Ter­rell’s Tune-Up

New al­bums from Ray Wylie Hub­bard and Steve Earle

Pasatiempo - - PASATIEMPO - Jerusalem/The Rev­o­lu­tion Starts

The ar­rival of a new al­bum by Ray Wylie Hub­bard is more than just get­ting the lat­est from one of your fa­vorite song­writ­ers. It’s like get­ting a mes­sage in a bot­tle from some ship­wrecked sea dog from cen­turies ago, who some­how beat Poseidon in a poker game to gain im­mor­tal­ity. Or it’s akin to stum­bling across the taped con­fes­sions of an old train rob­ber who went mad hid­ing out in the desert — but still has a lot of in­sight­ful sto­ries to tell. Or maybe it’s like find­ing some old scroll with the orig­i­nal ver­sion of the Book of Rev­e­la­tions — be­fore God edited all the jokes out. Hub­bard’s lat­est, Tell the Devil I’m Get­tin’ There As Fast As I Can, is an­other fine rev­e­la­tion from the crusty old Texan, who has been on a pretty impressive roll since shortly af­ter the turn of the cen­tury. Turn­ing seventy hasn’t soft­ened Hub­bard’s edges. In fact, he only seems to get tougher and orner­ier with age. takes its place with other re­cent Hub­bard gems like and plays a sun­burst Gib­son in an un­named alt-coun­try band (they opened for Son Volt in Los An­ge­les!) who’s in love with a wo­man “who can out-cuss any man.” (Speak­ing of curs­ing women, in “Dead Thumb King,” Hub­bard growls, “I sleep with a wo­man who cusses in French”).

But the most mov­ing, and most dis­turb­ing, love song here is the tragic “House of the White Rose Bou­quet,” a mi­nor-key acous­tic tune with a fore­bod­ing man­dolin in which the nar­ra­tor lives in “a house of ill re­pute and sin” with “a young wo­man of de­sire” who “en­joyed the com­pany of rak­ish men.” I won’t re­veal what hap­pens in this story, but it doesn’t end well.

The Prince of Dark­ness is the star of a five-minute pi­caresque tale called “Lu­cifer and the Fallen An­gels.” He’s a hitch­hiker who holds up Ner­vous Char­lie’s Fire­works and All-Night Liquor Store, and may have killed a clerk in the process. But he also of­fers Hub­bard some good ad­vice about try­ing to get a pub­lish­ing deal in Nashville. “Why go to Nashville when you ain’t never go­ing to be main­stream?” the Devil ad­vises.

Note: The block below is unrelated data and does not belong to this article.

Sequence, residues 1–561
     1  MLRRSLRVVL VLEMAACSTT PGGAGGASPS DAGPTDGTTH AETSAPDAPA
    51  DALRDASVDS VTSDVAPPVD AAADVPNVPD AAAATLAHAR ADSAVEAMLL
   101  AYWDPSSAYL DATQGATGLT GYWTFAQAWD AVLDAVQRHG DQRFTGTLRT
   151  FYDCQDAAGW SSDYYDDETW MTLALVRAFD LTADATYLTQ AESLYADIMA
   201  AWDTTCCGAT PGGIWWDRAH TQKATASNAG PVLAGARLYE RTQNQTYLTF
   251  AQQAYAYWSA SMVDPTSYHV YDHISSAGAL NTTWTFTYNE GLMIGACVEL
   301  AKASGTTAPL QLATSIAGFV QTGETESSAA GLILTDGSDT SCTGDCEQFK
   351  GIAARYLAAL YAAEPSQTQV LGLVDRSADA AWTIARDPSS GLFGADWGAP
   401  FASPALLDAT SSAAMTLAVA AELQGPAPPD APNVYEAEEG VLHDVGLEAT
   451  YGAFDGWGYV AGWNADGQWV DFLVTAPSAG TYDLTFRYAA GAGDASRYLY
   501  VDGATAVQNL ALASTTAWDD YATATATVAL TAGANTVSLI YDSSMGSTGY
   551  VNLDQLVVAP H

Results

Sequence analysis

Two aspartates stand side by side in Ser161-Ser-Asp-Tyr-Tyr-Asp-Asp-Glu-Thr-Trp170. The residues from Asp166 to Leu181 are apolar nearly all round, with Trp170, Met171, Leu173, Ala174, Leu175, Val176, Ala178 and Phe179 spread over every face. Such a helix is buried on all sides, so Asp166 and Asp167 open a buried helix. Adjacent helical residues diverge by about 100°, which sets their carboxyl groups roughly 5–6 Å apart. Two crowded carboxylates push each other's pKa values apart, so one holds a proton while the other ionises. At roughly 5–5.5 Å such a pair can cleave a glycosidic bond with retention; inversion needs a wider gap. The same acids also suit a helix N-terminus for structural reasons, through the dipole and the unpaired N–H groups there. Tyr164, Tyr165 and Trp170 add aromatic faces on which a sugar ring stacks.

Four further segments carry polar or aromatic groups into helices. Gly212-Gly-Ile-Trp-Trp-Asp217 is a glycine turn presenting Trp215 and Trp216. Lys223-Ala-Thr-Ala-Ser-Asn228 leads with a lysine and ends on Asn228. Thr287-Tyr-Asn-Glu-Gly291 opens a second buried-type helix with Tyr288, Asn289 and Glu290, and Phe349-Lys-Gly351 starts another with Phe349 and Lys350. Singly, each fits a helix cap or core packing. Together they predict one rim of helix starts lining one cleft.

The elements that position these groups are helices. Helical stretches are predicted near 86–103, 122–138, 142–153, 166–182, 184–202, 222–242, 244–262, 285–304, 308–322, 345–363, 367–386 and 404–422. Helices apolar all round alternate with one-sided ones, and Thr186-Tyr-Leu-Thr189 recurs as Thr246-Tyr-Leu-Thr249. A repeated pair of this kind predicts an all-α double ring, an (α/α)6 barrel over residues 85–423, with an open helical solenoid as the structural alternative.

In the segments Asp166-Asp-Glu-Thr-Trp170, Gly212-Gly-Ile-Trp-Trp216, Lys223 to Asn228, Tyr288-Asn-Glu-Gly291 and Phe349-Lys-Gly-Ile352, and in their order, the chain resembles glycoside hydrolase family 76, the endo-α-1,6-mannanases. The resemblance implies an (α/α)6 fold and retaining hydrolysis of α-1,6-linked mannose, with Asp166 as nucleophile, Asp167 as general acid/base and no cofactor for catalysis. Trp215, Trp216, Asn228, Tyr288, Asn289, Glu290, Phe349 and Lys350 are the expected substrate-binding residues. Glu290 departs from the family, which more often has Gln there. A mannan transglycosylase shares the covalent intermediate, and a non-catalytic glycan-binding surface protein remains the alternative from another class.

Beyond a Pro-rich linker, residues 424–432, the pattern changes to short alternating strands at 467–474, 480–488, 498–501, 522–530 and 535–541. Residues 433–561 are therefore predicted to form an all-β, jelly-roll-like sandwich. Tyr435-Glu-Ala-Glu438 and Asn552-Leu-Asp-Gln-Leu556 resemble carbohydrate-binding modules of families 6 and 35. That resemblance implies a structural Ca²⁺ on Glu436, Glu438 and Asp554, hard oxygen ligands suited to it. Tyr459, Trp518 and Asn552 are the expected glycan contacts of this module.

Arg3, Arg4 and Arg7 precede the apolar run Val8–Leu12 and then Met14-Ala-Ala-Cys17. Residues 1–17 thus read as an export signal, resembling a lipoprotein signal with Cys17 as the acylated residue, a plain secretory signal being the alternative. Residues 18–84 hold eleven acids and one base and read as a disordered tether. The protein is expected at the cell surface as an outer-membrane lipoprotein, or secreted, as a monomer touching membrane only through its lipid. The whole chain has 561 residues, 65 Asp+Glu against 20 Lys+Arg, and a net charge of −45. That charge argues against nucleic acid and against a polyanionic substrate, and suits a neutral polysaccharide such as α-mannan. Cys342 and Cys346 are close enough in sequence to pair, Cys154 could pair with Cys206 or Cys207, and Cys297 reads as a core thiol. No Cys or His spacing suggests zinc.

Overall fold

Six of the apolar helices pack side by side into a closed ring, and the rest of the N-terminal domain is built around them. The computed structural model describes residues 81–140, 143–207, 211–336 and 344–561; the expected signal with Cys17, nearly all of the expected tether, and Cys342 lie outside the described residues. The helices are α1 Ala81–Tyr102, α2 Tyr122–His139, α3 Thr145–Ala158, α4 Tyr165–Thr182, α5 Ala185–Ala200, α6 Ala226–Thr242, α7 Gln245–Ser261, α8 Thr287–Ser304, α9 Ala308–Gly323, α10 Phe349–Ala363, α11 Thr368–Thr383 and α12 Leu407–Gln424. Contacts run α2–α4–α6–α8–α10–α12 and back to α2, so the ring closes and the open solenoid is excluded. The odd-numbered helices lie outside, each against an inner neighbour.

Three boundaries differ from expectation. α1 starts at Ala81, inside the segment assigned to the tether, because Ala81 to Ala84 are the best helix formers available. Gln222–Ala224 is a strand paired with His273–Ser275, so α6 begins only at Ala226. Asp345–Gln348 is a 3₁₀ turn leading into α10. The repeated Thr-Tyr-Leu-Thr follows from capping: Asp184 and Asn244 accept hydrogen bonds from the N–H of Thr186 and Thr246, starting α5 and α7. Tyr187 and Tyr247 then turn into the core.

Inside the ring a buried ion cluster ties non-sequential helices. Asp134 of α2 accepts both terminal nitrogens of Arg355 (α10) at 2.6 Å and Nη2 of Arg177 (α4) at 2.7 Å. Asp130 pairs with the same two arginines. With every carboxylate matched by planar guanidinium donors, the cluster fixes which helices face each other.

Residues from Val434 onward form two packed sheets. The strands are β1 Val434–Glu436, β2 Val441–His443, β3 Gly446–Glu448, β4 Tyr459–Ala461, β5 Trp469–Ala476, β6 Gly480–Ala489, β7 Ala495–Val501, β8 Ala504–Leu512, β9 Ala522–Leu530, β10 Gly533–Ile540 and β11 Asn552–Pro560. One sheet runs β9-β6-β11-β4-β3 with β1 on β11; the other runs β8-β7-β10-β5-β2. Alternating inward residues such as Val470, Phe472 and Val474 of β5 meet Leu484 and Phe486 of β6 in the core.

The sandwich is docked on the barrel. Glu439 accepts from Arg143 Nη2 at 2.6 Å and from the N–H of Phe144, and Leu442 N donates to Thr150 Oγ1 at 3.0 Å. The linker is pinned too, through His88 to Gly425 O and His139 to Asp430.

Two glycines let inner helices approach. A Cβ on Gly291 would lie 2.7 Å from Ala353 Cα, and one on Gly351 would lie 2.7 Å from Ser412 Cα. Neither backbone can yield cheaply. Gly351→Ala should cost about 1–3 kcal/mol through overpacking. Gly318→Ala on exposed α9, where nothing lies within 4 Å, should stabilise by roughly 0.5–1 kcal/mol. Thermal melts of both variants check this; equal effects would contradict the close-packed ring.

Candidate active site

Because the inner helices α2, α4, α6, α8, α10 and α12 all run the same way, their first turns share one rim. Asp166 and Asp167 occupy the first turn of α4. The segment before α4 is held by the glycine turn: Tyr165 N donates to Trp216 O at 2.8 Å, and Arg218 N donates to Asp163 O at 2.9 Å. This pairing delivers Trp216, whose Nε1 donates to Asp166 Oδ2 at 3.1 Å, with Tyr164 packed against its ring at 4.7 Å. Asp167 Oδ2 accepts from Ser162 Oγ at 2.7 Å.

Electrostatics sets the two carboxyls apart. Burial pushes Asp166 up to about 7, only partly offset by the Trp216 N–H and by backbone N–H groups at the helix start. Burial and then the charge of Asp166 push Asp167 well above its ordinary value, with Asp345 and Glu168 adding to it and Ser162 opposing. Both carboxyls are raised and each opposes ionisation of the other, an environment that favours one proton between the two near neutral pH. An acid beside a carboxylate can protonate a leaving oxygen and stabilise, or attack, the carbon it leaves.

I have the feel­ing that Lu­cifer’s not the first per­son to tell Hub­bard that. But I don’t think he re­ally cares, at least not any­more. And nei­ther do his fans — as long as we can still hear that snake rat­tling from in­side his gui­tar. Ray Wylie Hub­bard’s web­site is www.ray­wylie.com. And check his Twit­ter feed at www.twit­ter.com/ray­wylie.

Also rec­om­mended:

So You Wannabe an Out­law by Steve Earle & The Dukes. Let’s cut to the chase: This is the best Steve Earle al­bum in well over a decade. Through most of the 1990s and into the first part of this cen­tury, Earle con­sis­tently de­liv­ered some of the finest coun­try mu­sic, alt-coun­try, coun­try-rock, or what­ever you want to call it. But at some point his al­bums started be­com­ing less and less in­ter­est­ing. It’s tempt­ing to say — as oth­ers have — that it was when his records started get­ting more and more po­lit­i­cal, but that’s ac­tu­ally kind of lazy. Some of his po­lit­i­cal songs from the early aughts — “Rich Man’s War,” “John Walker’s Blues” (a sym­pa­thetic look at John Walker Lindh, the “Amer­i­can Tal­iban”), and my per­sonal fa­vorite, the cheeky “F the CC” — are ex­cel­lent protest songs. But some­where dur­ing his Now pe­riod, the magic seemed to start wear­ing off.

But So You Wannabe an Out­law is hot stuff. It’s def­i­nitely his most coun­try al­bum. Coun­try fid­dles and steel gui­tar dom­i­nate sev­eral cuts and there are vo­cal con­tri­bu­tions from Wil­lie Nel­son on the ti­tle song, and, even bet­ter, from Johnny Bush (he wrote “Whiskey River,” kids) on “Walkin’ in LA,” which may be the honky-tonki­est song you’ve ever heard by Earle.

Other high­lights in­clude the jump­ing “The Fire­break Line,” an ode to hot­shot for­est fire­fight­ers; “If Mama Coulda Seen Me,” which, with its nasty gui­tar hook and prom­i­nent fid­dle, can be con­sid­ered as Earle’s “Mama Tried”; and “This Is How It Ends,” a break-up song that has coun­try star Mi­randa Lam­bert pro­vid­ing heart­break­ing har­monies.

By all means, check out the deluxe ver­sion of this al­bum, which in­cludes four cov­ers of Wil­lie and Way­lon Jen­nings songs from the 1970s out­law era. Th­ese aren’t ground­break­ing by any means, but Earle’s joy­ful de­liv­ery makes for a fine trib­ute.

Steve Earle will ap­pear in a ben­e­fit con­cert for the Je­suit Refugee Ser­vice/ USA with Joan Baez, Patty Grif­fin, and other spe­cial guests at 7:30 p.m. Fri­day, Oct. 13, at the KiMo The­atre, 423 Cen­tral Ave. SW in Al­bu­querque. Check for ticket avail­abil­ity at www .ki­motick­ets.com.

Newspapers in English

Newspapers from USA

© PressReader. All rights reserved.